Haig picks 'old pros' at State; diplomats cheer, right wing boos

Secretary of State Alexander M. Haig Jr. has nearly completed his appointments of top State Department officials. Career foreign Service officers are cheering.

Some leading conservatives in the US Senate are booing.

Despite much tough talk directed at Moscow by both the secretary and President Reagan, Mr. Haig's State Department appointments indicate that along with change there will be much continuity in policy toward the Soviet Union and other nations.

Haig's list of undersecretaries and assistant secretaries of state consists for the most part of professional, nonideological foreign affairs experts. Many of them were associated with previous administration, both Democratic and Republican. As a result, Haig seems to have been overcoming the fear among career professionals that the Reagan administration would initiate a purge, or "witch hunt," at the State Department.

Haig spoke on the subject of change in US foreign policy in an interview published in the Washington Star Feb. 1. He was asked about the impression of some observers that the Reagan administration will not attempt any major innovations in foreign policy but will focus instead on attempting to restore perceptions of American credibility and dependability.

"This is an oversimplification," said Haig. "The problem of consistency and the problem or reliability and the problem of balance will demand in some instances very innovative steps."

Haig criticized the Carter administration's human rights policy.

But the new secretary of state also said: "We're not seeking change for change's sake; yesterday's perceptions don't have to be molded to the conceptions that this administration may or may not have."

Here are some of the key appointments that HAig has made:

* Undersecretary for political affairs: Walter Stoessel, currently ambassador to West Germany and former ambassador to the Soviet Union.

* Undersecretary for economic affairs: Myer Rashish, trade consultant, former member of the Kennedy White House and President Carter's Trade Advisory Commission.

* Undersecretary for security assistance, science, and technology: former Sen. James Buckley (R) of New York.

* Director for policy planning: Paul Wolfowitz, deputy assistant secretary of defense in the Carter administration.

* Director for politico-military affairs: Richard Burt, former correspondent for the New York Times, whose deputy is reported to be coming from the National Security Council staff of the Carter administration.

* Assistant secretary for African affairs: Chester Crocker, Georgetown University scholar and former member of the National Security Council staff under President Nixon.

* Assistant secretary for European affairs: Lawrence Eagleburger, former close associate of Henry Kissinger and current ambassador to Yugoslavia.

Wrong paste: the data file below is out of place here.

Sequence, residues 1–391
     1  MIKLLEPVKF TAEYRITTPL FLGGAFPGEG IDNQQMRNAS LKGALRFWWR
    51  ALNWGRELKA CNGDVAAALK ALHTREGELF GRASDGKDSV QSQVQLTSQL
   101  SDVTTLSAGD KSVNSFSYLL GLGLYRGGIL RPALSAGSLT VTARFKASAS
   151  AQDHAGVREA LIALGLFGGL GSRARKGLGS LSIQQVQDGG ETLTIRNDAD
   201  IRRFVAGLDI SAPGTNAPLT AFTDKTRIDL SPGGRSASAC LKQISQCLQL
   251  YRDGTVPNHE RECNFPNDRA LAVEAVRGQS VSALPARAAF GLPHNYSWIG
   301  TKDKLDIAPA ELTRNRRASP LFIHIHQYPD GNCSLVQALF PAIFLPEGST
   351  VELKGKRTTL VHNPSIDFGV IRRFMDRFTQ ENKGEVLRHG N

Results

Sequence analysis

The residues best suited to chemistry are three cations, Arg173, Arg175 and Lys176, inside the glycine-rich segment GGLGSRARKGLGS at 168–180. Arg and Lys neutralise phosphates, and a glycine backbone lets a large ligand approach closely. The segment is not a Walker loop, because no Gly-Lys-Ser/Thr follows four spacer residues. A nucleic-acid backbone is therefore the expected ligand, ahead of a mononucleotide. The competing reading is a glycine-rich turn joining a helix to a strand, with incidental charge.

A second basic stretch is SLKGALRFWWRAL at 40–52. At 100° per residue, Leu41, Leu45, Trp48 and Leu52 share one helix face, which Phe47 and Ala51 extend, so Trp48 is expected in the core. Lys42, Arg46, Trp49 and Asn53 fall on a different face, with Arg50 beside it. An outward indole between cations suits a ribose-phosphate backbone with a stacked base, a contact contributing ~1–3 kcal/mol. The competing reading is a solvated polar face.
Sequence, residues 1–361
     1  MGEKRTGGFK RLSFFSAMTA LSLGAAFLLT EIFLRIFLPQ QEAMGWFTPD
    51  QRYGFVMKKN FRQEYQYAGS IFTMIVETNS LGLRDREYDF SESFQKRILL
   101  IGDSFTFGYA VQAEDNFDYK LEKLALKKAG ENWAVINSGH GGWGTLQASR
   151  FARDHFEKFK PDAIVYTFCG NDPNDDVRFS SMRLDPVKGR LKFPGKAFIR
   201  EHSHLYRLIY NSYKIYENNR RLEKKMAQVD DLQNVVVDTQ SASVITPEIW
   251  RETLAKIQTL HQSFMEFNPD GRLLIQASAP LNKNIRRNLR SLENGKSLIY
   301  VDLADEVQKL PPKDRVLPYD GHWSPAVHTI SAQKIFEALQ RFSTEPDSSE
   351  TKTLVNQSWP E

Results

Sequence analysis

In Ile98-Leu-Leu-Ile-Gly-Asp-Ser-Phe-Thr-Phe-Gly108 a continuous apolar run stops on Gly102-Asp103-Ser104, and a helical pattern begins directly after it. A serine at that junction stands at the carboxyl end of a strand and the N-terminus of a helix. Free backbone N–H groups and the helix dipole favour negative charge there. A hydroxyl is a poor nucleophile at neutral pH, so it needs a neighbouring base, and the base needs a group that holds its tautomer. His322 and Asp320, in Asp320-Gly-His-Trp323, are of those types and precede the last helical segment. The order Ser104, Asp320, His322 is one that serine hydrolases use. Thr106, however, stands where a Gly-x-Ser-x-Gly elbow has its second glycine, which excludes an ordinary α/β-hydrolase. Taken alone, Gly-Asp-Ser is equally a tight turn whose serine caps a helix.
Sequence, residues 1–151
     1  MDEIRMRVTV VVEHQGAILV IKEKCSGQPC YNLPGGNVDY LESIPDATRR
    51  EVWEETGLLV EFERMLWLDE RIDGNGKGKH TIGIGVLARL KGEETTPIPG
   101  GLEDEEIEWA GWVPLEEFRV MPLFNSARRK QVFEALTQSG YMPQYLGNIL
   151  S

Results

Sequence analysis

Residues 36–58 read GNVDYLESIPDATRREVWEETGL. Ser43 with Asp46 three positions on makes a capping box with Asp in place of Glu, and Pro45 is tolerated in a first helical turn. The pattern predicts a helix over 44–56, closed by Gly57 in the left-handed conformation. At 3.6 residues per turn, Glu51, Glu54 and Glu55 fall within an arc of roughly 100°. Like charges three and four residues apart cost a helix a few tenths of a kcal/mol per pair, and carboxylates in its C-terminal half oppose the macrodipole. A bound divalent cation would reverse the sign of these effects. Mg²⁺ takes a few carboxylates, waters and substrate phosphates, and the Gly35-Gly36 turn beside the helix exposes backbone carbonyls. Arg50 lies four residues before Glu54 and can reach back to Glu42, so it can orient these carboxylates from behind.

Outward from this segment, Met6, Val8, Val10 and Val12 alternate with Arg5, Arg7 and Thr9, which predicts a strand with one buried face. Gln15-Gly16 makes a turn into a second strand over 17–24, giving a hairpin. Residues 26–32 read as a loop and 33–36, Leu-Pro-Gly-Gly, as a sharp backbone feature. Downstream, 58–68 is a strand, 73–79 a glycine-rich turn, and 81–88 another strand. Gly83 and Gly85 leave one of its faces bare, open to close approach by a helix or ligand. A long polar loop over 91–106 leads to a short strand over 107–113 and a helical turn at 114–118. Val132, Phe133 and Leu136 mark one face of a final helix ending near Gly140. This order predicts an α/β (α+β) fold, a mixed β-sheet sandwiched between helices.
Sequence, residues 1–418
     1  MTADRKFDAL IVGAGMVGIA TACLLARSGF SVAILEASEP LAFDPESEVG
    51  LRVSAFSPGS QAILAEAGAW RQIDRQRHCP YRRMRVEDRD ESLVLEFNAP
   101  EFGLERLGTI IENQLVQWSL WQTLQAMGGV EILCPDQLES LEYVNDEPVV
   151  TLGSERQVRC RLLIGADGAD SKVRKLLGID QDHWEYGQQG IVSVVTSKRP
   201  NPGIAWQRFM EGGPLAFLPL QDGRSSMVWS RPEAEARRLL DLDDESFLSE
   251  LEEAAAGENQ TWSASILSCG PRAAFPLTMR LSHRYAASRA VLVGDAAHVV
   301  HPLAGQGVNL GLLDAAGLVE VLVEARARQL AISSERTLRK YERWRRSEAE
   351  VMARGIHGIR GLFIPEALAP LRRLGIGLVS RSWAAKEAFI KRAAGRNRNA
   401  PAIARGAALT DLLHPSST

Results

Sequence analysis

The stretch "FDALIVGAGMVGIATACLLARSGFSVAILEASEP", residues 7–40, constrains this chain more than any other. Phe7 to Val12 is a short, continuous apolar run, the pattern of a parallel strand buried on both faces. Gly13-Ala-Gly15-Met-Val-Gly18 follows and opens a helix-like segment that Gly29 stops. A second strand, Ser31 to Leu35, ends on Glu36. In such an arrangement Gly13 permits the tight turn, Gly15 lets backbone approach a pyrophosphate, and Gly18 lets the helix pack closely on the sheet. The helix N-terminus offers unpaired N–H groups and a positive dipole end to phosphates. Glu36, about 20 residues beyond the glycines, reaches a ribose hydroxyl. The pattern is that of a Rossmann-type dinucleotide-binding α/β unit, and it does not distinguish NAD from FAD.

* Assistant secretary for Near Eastern and South Asian affairs: Nicholas Veliotes, the Carter administration's ambassador to Jordan.

* Assistant secretary for East Asian affairs: John Holdridge, former representative in Peking and ambassador to Singapore, most recently on leave from the State Department for analytical work with the Central Intelligence Agency.

* Assistant secretary for economic and business affairs: Robert Hormats, deputy US trade representative in the Carter administration.

* Assistant secretary for international organizations: Elliott Abrams, Washington lawyer and former administrative assistant to Sen. Daniel Patrick Moynihan (D) of New York.

Outspoken criticism of a number of these appointments has come from some leading Republican conservatives in the US Senate. The most critical of all the senators, apparently, has been Jesse Helms (R) of North Carolina. As Senator Helms and some of the others see it, the Reagan administration had a mandate for change from the voters, but Haig, through his appointments, has merely been playing "musical chairs" among well- established foreign policy professionals. Far too many of Haig's appointees, in Helms's view, have had associations with the Carter administration or with the Democratic Party.

Secretary Haig has yet to make known his preferences for the many ambassadorial appointments now subject to change. These choices may provide further clues as to the foreign policy thinking and style of the Reagan administration.

One critical region where ambassadorial appointments will be closely watched is Central America. Some members of the Reagan State Department transition team recommended that Haig oust the current ambassador to Nicaragua and El Salvador, Lawrence Pezzullo and Robert White, respectively. But Haig apparently wants to keep Mr. Pezzullo on for the immediate future. There are also indications that Haig wants to keep his options open regarding Nicaragua.

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